The FDA and DTC: Time to Set the Record Straight

Earlier this month an FDA advisory panel met for two days to consider a range of issues pertaining to clinical direct-to-consumer (DTC) genetic testing. The non-voting advisory panel’s discussion (pdf), including whether certain genetic tests or categories of tests should be made available only through qualified healthcare professionals, sparked considerable controversy (see here for a collection of links) and confusion.

In response, the FDA agreed to reopen the public docket in order to receive additional public input on scientific issues concerning DTC genetic tests. The docket will reopen tomorrow and will remain open through May 2nd (pdf).

For those with an interest in the FDA’s oversight of DTC genetic testing, this is the first of several opportunities to be heard. In addition to the newly reopened public docket, the FDA has also announced its next “town hall discussion” with top officials from the Center for Devices and Radiological Health (CDRH), the FDA center responsible for the regulation of medical devices, including genetic tests. Both CDRH director Jeffrey Shuren and OIVD Director Alberto Gutierrez are scheduled to participate in a public question-and-answer session on May 5th in Orlando, FL.  An additional town hall discussion is slated for San Francisco, CA later in the year. The Genomics Law Report will post additional details for that meeting as they are made available.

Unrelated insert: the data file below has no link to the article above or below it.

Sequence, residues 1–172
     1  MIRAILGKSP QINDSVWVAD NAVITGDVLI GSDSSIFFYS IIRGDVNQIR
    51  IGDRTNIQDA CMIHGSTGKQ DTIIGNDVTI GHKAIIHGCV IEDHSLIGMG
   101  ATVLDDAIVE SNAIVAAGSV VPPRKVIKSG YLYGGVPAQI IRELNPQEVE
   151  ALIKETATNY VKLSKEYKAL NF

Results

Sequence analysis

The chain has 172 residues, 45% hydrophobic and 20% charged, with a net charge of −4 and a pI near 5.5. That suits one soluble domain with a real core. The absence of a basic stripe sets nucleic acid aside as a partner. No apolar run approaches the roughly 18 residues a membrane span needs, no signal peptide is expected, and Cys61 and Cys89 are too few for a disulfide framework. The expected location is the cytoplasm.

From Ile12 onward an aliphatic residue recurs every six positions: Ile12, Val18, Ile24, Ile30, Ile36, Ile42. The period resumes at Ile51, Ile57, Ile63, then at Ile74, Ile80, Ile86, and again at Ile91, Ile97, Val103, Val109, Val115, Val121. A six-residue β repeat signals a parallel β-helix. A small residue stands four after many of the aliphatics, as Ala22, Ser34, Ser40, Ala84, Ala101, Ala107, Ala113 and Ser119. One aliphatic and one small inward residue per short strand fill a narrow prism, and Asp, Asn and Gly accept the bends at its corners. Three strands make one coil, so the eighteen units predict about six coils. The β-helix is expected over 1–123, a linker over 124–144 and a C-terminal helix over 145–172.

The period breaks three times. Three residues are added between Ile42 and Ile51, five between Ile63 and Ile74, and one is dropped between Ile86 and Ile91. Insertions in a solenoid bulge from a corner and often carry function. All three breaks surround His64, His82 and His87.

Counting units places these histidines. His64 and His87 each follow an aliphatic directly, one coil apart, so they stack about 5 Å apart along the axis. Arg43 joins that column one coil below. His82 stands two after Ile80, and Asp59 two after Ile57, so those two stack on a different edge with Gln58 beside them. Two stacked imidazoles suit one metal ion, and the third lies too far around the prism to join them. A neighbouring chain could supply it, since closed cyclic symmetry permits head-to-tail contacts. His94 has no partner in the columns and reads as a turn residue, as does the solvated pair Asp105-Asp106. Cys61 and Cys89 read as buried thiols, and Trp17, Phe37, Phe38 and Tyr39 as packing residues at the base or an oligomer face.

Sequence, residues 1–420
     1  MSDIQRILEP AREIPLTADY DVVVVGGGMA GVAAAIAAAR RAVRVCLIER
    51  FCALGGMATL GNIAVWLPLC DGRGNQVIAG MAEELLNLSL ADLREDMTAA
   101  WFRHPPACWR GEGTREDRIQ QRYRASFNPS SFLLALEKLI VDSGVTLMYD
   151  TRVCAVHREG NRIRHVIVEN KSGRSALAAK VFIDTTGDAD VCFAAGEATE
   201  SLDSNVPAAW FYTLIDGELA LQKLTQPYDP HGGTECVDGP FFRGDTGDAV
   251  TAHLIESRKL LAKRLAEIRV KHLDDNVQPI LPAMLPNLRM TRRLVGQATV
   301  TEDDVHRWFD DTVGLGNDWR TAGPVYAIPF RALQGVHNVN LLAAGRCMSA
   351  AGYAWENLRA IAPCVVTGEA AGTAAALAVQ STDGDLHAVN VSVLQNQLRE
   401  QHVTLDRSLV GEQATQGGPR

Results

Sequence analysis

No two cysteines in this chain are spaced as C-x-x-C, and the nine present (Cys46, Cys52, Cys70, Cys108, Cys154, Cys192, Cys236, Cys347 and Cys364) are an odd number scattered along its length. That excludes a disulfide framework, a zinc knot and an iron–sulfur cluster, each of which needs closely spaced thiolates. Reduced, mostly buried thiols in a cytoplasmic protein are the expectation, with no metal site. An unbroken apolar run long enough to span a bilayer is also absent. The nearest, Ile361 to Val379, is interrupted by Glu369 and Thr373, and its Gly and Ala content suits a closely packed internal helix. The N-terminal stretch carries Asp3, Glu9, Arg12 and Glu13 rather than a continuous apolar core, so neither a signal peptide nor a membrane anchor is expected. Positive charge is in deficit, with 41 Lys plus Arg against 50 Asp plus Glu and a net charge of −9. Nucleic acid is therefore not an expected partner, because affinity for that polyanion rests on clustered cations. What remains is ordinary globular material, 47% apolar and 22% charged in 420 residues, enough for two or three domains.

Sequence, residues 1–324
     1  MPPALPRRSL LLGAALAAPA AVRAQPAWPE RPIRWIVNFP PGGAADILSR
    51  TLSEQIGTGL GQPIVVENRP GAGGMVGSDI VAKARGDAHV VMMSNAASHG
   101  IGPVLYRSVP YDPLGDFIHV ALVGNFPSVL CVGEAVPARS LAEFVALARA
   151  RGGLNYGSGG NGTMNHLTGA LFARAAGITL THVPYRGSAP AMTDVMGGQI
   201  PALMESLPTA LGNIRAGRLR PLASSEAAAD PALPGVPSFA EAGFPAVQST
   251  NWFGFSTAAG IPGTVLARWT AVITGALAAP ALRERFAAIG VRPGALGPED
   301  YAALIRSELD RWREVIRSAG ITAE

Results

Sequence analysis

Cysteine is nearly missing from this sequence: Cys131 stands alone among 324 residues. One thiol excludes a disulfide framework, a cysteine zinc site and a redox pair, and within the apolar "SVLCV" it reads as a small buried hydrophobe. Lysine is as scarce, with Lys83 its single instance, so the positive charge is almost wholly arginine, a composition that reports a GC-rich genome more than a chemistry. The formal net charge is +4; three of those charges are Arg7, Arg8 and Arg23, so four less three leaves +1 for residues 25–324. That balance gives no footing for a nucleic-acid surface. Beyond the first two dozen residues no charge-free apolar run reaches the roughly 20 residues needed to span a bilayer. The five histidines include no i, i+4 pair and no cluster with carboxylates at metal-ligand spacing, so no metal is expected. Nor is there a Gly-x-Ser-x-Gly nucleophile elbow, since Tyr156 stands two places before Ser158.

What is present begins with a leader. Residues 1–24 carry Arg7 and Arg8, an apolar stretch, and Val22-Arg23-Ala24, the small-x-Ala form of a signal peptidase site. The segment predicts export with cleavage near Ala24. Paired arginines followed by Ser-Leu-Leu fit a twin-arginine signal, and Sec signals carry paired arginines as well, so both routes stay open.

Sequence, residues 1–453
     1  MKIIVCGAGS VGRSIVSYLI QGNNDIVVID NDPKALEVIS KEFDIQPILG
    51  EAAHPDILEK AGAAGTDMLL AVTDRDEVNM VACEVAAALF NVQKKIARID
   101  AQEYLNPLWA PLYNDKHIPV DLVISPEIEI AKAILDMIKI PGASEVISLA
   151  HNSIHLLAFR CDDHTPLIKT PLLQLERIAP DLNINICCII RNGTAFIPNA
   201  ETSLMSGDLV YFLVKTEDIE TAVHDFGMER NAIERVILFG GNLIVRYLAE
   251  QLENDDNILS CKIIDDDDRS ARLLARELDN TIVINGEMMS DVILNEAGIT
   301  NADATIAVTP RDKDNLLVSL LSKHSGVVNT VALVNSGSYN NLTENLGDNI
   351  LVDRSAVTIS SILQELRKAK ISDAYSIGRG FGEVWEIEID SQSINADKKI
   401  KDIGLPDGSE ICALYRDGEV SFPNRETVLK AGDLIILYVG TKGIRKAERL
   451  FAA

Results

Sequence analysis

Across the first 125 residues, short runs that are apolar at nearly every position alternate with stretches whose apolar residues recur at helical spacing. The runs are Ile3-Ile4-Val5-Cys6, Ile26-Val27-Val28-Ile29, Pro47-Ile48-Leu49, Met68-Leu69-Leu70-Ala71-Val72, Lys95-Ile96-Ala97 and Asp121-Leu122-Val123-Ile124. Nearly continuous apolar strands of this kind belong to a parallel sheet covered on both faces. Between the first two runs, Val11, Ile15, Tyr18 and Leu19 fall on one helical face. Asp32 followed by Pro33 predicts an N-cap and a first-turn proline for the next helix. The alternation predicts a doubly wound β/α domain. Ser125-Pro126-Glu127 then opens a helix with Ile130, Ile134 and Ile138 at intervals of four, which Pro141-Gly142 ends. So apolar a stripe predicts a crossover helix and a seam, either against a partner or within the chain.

Filed under: Direct-to-Consumer Services, General Interest, Genetic Testing/Screening, Genomic Policymaking, Industry News, Legal & Regulatory, Pending Regulation
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